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Many of us will have been involved in voltage changeover schemes at some stage in our careers. Examples are 210v to 240v for low voltage systems in Bristol, 6.6kv to 11kv in Exeter, and 2.2kv to 11kv in Bath. I am sure there are many more examples, and members can no doubt provide some interesting anecdotes about their own experiences. To minimise the cost it was essential to make the best possible use of existing assets, particularly cables which are so expensive to replace.

An earlier generation of engineers were faced with an even more difficult task - a changeover from direct current to alternating current systems. Direct current systems were usually laid out with three core mains cables, with one core operating at +110v and another at -110v and the third being the return wire. Small domestic supplies were provided by connecting between one of the energised cores and the return wire. At premises where more power was required, a 220v supply was provided by connecting between the two energised cores.

As power requirements increased it became essential to change over to alternating current and because of their greater efficiency 3-phase systems were universally adopted. (In America, Edison fought mightily for the retention of his d.c.system in the face of competition from Westinghouse's a.c. system. Is it true that on one occasion Edison used an execution in an electric chair to demonstrate the 'superiority' of the d.c. system?). Three phase low voltage mains required four core cables, one core for each phase and a neutral/return wire. The old dc cables were just not suitable for three phase operation.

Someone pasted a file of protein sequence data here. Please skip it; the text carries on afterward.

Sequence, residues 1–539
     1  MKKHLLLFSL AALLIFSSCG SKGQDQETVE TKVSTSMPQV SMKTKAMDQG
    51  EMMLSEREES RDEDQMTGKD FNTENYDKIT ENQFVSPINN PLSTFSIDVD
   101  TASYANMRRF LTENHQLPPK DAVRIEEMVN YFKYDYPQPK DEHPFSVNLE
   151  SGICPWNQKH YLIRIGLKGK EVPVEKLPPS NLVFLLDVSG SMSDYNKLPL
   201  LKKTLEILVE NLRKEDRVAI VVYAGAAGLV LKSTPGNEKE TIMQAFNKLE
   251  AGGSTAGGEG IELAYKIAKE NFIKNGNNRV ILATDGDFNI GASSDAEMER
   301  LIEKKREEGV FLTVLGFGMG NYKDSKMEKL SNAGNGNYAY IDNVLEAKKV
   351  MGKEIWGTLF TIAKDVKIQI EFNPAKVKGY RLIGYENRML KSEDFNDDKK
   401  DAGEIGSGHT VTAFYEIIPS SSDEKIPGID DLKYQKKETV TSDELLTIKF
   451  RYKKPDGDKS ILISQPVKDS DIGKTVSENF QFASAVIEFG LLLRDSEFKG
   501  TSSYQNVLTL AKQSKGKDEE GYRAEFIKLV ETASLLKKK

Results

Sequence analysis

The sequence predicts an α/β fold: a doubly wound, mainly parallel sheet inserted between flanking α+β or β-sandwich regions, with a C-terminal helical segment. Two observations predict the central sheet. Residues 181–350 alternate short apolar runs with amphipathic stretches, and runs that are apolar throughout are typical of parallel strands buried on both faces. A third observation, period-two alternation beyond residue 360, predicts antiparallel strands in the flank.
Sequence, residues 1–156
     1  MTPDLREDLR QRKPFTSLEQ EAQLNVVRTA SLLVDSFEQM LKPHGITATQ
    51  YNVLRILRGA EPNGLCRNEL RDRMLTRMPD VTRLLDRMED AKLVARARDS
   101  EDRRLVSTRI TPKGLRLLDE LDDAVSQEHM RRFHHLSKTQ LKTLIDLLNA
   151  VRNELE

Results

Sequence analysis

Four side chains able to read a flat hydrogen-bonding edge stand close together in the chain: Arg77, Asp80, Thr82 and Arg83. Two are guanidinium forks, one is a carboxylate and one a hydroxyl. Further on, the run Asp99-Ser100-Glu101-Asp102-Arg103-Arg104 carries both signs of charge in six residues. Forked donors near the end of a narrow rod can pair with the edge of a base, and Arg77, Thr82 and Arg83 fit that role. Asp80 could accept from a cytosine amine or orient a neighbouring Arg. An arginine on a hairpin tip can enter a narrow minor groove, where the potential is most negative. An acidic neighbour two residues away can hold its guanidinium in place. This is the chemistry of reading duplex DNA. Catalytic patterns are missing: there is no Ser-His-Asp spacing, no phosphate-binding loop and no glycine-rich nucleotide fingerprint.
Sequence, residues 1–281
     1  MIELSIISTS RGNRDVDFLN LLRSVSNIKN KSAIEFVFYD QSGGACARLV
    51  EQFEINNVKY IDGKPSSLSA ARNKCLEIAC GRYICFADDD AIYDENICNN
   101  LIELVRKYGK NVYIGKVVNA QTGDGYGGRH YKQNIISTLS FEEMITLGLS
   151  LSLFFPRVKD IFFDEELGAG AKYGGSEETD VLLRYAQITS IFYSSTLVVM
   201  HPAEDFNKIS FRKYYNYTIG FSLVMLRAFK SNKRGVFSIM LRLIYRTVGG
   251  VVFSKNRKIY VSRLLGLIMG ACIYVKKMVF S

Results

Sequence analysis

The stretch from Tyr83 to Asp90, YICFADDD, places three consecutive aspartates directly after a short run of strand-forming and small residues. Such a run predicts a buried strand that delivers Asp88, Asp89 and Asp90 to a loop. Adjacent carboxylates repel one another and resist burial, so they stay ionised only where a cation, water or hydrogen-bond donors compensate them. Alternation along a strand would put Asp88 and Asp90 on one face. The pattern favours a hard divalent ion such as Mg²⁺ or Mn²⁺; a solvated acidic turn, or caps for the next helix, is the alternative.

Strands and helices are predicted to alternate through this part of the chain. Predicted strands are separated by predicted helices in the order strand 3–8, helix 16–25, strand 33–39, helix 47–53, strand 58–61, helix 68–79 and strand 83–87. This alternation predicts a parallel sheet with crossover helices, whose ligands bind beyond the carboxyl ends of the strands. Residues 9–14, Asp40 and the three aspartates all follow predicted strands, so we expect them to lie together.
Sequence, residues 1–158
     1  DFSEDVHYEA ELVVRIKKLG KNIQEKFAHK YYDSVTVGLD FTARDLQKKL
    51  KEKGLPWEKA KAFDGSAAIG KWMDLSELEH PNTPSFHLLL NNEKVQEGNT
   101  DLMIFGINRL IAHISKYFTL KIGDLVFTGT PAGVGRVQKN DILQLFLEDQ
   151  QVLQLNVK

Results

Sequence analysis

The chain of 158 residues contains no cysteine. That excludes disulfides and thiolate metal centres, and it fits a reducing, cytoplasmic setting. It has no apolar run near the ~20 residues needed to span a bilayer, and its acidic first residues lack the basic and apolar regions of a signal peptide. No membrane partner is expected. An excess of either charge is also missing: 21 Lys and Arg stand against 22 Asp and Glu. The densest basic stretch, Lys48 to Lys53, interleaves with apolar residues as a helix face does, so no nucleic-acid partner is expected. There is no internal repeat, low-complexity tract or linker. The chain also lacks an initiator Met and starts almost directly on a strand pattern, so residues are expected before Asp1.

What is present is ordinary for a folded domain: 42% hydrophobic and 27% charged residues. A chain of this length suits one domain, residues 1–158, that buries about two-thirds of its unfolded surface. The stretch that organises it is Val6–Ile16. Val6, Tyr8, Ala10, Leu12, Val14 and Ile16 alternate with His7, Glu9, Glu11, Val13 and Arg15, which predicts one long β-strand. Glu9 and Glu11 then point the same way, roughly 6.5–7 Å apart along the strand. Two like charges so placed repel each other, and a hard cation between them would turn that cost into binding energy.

In many towns the dc systems were not fully developed and the easiest way around the problem was to abandon the dc cables and lay new three phase ac cables, despite the high cost. However in London and some other places there had been very high investment in dc cables and more economic solutions were required.

A large area of south London, centred upon Croydon, was converted to ac using Scott connected transformers. These transformers convert 3-phase high voltage energy to 2-phases of low voltage energy that can be distributed using the old dc cables. When I learnt about Scott connection at College, I got the impression that the system was already obsolete. The amazing thing is that 40 years later these systems are still in use! Two major drawbacks of the system are :

a) No matter how carefully the low voltage loads are balanced over the 2 phases, the load on the 3-phase high voltage system is unbalanced.

b) The distribution company is unable to offer 3-phase supply to low voltage customers, unless they pay for a dedicated 3-phase HV and LV transformer.